The Silent Dinner Table

Reads: 196  | Likes: 0  | Shelves: 0  | Comments: 0

  • Facebook
  • Twitter
  • Reddit
  • Pinterest
  • Invite

More Details
Status: Finished  |  Genre: Memoir  |  House: Booksie Classic
It's what we don't say that matters most.

Submitted: May 31, 2012

A A A | A A A

Submitted: May 31, 2012

A A A

A A A


 

We gather at the table, the three of us each choosing our own side.  My little brother carries over his stir fry that he’s made, and at the age of twelve, I’m sure it won’t be good.  I smile at him when he asks me how it looks and tell him it smells yummy.  That’s a lie, though, since it smells like moldy cabbage and doesn’t look much better.  But don’t judge a book by its cover, right?  The same must go for not judging stir fry by its rotten appearance.  We finish grabbing our plates and silverware, setting things out at random as we think of what we want for ourselves.  We bump into one another in the kitchen while heading back and forth. 

My mother made steak so undoubtedly it’s either overcooked or undercooked.  I hope for the undercooked outcome as medium rare is my favorite.  We sit down and our attempt at a family dinner looks trashy at best.  All of our plates and cups are mismatched, the three types of food we have is laid out as haphazardly as seems possible, and the random assortment of sauces and whatever else we happened to grab dot the table in an unorganized manner.  Sometimes I just want to have a nice family dinner in which everything looks as fancy as you imagine it should be.  Maybe I should just wish for a nice family where we can get through a dinner without anger or silence, but hoping for a nice setup seems easier. 

We take and pass the food between the three of us which seems silly as we can all reach everything.  We are huddled at the front of the rectangle table, ironically close to each other, though inside we are miles apart.  We talk about nothing and make attempts at small talk and things no one really cares about, but my mother pretends to as if going through the motions will make us a normal, happy family.  As if talking about nothing will distract from all the real things that plague us.  If she asks what my workout consisted of, she won’t have to talk about how my father isn’t sitting at the table with us.  If she asks my brother if he did anything fun at school today, she won’t have to talk about how we don’t know each other at all- not anymore.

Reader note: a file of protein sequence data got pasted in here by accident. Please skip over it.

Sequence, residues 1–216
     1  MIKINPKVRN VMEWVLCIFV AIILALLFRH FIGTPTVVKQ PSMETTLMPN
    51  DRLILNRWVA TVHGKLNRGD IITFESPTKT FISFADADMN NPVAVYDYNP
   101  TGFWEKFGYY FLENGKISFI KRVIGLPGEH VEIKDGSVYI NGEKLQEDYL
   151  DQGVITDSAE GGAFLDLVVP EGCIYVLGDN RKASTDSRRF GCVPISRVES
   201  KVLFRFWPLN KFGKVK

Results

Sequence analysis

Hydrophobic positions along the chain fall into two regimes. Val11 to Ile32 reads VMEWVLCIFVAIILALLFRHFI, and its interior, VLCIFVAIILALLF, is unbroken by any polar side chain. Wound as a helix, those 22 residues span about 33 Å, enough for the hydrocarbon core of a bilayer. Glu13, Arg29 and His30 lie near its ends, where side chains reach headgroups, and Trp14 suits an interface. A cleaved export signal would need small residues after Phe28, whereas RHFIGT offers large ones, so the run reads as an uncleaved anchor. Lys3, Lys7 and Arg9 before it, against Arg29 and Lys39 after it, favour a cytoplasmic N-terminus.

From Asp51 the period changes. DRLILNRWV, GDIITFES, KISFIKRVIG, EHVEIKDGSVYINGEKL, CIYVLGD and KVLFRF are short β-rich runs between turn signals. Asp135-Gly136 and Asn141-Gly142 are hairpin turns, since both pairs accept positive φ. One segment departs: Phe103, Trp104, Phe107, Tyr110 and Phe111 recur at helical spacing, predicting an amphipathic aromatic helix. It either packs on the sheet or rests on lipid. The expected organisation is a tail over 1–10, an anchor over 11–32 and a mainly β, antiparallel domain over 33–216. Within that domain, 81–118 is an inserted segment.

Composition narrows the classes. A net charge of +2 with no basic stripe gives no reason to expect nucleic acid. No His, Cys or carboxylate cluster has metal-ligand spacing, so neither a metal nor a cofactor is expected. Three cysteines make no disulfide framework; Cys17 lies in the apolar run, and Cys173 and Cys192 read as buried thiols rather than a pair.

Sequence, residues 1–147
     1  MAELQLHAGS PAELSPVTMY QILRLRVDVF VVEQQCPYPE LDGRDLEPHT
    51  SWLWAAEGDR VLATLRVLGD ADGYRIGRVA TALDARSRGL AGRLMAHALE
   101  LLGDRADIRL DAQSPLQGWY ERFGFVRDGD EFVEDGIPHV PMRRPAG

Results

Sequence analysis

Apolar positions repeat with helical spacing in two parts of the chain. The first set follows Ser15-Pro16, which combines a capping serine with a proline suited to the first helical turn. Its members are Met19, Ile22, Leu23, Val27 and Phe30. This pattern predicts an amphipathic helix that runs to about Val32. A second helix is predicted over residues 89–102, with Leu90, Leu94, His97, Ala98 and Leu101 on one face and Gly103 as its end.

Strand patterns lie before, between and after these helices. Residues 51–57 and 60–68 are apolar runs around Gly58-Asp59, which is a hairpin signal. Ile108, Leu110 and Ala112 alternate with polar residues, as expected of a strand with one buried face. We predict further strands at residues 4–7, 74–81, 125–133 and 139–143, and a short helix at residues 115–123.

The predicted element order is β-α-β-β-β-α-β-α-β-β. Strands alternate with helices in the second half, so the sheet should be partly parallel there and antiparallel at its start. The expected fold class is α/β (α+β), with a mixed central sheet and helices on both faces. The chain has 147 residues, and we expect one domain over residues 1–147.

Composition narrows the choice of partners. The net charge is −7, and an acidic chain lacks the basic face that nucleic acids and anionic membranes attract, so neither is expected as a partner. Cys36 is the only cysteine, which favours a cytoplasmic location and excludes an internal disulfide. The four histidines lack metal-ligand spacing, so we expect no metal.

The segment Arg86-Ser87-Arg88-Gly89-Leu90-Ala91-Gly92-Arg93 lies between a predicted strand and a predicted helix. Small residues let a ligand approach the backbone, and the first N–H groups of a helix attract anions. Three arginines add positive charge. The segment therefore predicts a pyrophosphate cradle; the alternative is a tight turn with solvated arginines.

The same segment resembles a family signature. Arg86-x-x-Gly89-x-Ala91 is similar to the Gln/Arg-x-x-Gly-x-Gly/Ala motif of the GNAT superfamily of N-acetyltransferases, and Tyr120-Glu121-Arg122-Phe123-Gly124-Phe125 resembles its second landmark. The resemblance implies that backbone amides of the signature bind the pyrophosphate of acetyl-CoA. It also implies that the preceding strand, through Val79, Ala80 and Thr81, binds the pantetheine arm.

I smile and pretend not to be irritated.  I eat my brothers’ stir fry under his watchful eye and alter my grimace into a grin so as not to hurt his feelings.  I allow this worthless time to pass because I’m afraid if I get mad, what I want to happen more than anything will actually happen.  We might actually say something.  Not just out loud, no, but something that lurks under the surface of our stubbornly enforced ignorance.

My little brother says he’s full when he barely ate a thing.  I laugh and make a joke about how he is becoming a manorexic.  That was a mistake.  My mother sits up as though I hit a switch and says that now she’ll have two kids with eating disorders- one with anorexia and one with bulimia.  I laugh and the two of them follow suit.  I tell her she’s “so funny” and then make another nothing comment to distract us from the reality of what she’s said.  We half-heartedly continue along with my comment until we deem her comment sufficiently forgotten. 

Then we sit in a heavy sort of quiet.  So tonight will be a silent night, then.  We welcome the silence because we refuse to acknowledge what more talking might bring.  For it could be bring truth and the truth would force us out of our hiding places and into the light where we would be exposed for what we really are- for what they and I have become.  And isn’t that interesting?  That we would rather exist in a sort of limbo, our lives hanging precariously in the balance between self-destruction and shame than accept ourselves as the terribly flawed people that we have become.  


© Copyright 2020 Dorotea. All rights reserved.

  • Facebook
  • Twitter
  • Reddit
  • Pinterest
  • Invite

Add Your Comments: